The UTMB Health Institute for the Medical Humanities is pleased to welcome Eric Weissman, MA, PhD as a Visiting Scholar. Dr. Weissman will be in residence from February 1, 2014 through September 30, 2014.
Dr. Weissman is a filmmaker, writer, artist and educator. He earned a Master of Arts in Sociology at the University of Toronto in 1986. Between 1987 and 2009, Dr. Weissman was successful as an artist and scenic painter, working on feature films, museum installations and various private and public commissions. At the same time, he worked as a researcher for Exile, a literary quarterly in Ontario Canada and as a documentary filmmaker amongst homeless groups in Toronto. The theme of his documentary work is that housing and housing policy cannot be thought of as separate from ethical issues inherent to systems of healthcare. In fact, housing is requisite for healthcare, and, homelessness is, therefore, a concern for academic and practical inquiries into community health.
Dr. Weissman's film series, Subtext – real stories follows the rise and fall of Toronto’s illegal and infamous shantytown, Tent City between 2000-2002, and then follows a group of ex-residents as they navigated transitions into mainstream
housing. He was awarded the National Film Board of Canada (NFB) Filmmaker Assistance Program Grant, and the Ontario Arts Council, Emerging Video Artist Grant in 2004. Subtext was featured at the Royal Ontario Museum (ROM) as the video component for
an exhibition on street art and poverty called Housepaint Phase II, which ran between 2008-2009. This work continues, 13 years later and became the basis for his recent dissertation research.
In 2013 Dr. Weissman earned a Doctorate in The Special Individualized Programs at Concordia University in Montreal. His dissertation, Spaces, Places and States of Mind: a pragmatic ethnography of liminal critique explores intentional homeless communities by focusing on Dignity Village, Oregon, the first city contracted emergency homeless community in US history where he did participant observation in 2010 and 2011. His dissertation incorporates debates about the use of public space on the basis of perceptions of “worth,” exploring how massive displacements of citizens from economic roles create more tolerant moral and political discourses on spatial occupations by poor people. It also addresses the question of what it means to be an activist citizen within the context of constitutional democracies. He problematizes what freedom means when winning the right to self-govern in unhealthy and poverty-stricken tent camps and shantytowns is seen as an expression of constitutional rights. At a theoretical level, he addresses the classic post-structural conundrum of how to reinvest critique with the power to influence social change. In his research, the liminal aspects of classic critical positions provide a positive opening to transformative thinking. Finally, the dissertation asks public ethnographers and applied social science to think about the ethical implications of doing visually supported research in communities of struggle, especially by addressing the risks of producing critical knowledge about communities, knowledge that can be divisive just as it might be liberating.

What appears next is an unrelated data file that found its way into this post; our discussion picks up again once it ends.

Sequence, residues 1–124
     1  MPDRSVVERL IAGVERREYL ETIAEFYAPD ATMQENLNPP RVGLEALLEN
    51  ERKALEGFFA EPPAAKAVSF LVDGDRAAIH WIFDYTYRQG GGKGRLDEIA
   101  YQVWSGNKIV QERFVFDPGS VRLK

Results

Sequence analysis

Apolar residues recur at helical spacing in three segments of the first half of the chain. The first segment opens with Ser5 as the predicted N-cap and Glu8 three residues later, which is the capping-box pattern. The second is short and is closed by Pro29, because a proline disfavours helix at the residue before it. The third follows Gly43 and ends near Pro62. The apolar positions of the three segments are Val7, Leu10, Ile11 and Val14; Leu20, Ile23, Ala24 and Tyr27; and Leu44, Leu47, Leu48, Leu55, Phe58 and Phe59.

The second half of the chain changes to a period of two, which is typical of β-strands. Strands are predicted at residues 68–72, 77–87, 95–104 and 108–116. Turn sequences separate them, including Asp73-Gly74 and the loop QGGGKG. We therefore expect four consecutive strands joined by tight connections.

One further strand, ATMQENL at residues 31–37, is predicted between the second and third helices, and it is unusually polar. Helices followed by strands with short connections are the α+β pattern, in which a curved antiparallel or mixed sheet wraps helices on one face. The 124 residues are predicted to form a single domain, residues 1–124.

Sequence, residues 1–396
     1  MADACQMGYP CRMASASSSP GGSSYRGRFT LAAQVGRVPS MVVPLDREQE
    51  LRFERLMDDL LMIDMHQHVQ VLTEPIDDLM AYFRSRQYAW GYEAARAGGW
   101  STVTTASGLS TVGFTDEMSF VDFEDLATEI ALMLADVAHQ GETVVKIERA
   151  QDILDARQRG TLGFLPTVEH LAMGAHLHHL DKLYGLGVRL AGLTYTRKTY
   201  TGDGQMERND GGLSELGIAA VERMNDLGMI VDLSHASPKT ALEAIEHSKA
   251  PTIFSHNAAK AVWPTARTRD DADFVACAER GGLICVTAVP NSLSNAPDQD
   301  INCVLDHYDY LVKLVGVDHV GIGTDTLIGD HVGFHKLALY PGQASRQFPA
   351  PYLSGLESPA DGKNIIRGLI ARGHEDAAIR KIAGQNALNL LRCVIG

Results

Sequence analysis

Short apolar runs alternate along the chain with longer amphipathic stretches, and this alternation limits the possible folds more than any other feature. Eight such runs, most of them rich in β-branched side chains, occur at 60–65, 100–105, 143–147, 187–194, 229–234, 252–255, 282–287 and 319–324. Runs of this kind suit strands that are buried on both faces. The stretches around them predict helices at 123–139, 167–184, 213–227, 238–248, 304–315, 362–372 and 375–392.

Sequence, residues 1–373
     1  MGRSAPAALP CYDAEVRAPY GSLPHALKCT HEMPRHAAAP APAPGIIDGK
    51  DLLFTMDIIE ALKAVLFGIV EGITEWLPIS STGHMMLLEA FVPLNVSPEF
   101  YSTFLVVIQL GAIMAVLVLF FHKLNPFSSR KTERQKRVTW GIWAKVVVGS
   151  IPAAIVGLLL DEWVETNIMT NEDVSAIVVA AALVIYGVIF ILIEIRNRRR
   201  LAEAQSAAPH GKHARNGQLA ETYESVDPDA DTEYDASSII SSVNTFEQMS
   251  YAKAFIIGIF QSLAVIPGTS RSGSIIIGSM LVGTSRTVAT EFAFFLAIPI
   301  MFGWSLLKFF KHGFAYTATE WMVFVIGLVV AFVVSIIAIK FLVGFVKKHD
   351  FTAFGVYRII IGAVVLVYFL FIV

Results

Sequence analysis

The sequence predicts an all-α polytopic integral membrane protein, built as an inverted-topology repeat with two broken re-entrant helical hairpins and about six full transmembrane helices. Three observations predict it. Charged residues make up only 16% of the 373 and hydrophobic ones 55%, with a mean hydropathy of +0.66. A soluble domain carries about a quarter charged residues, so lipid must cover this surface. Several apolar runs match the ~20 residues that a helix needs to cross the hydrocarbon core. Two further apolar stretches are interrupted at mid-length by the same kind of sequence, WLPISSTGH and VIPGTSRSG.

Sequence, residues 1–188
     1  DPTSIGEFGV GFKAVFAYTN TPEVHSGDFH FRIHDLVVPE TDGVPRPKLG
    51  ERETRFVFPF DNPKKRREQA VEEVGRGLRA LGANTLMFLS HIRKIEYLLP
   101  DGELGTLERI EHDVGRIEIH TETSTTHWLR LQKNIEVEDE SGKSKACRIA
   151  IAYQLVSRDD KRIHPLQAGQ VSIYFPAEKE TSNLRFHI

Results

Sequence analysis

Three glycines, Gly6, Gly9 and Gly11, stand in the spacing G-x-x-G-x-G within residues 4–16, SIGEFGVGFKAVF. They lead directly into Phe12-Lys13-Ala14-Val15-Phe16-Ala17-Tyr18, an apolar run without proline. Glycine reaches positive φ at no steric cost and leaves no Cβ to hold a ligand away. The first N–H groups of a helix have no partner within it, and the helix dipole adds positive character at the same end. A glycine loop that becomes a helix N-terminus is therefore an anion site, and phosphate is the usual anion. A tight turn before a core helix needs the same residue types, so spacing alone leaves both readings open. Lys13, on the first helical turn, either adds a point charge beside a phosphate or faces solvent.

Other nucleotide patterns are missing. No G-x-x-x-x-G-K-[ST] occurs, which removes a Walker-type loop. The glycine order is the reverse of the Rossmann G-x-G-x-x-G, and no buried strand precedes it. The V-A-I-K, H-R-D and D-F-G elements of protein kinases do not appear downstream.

Dr. Weissman's dissertation was granted “outstanding” status, and was recommended for the thesis award. A version of this research appears in his book, Dignity in Exile, tales of struggle and hope from a modern American shantytown (2012).
It is towards understanding how bioethical and often implicit understandings of healthcare expressed as the stories we tell ourselves and each other about rights to space and care, deserving-undeserving categories of poverty and ethical treatment
of the other, that his research now looks. Importantly, image systems such as, photos, fine art and film figure prominently in his research because of the evidential weight we tend to give things we can see.
Dr. Weissman's main research interest while in residence at UTMB Health is to initiate and publish the results of field inquiries in which members of various communities will be asked to look at and comment on their emotional and ethical attachments to images of poverty and homelessness. Working with scholars at UTMB and the University of Houston, Dr. Weissman will investigate how an online visual mapping tool called VWIRE, can be used to integrate, even unite practitioners, service workers, policy makers, homeless folks and various others by revealing how the stories we use to understand poverty and health issues, despite our diverse socio-economic or mental health histories (including addiction) link us along continua of other common experience. Just how other is the Other? Currently in the US, close to 146 million people must choose between food, clothing, rent and healthcare each month. Of these, only 47 million are considered by federal policy makers to live below the poverty line. Dr. Weissman's research will reveal how traditional narrative divides about deserving and undeserving poor are collapsing into a general awareness about citizenship as a continuum of democratic experience. The fact that residents of tent camps, shantytowns and other forms of poverty activism, understand themselves to be fighting for their constitutional rights, suggest that at a profound and basic level, all citizens are united around certain basic ethical premises that are often lost in the stories we tell.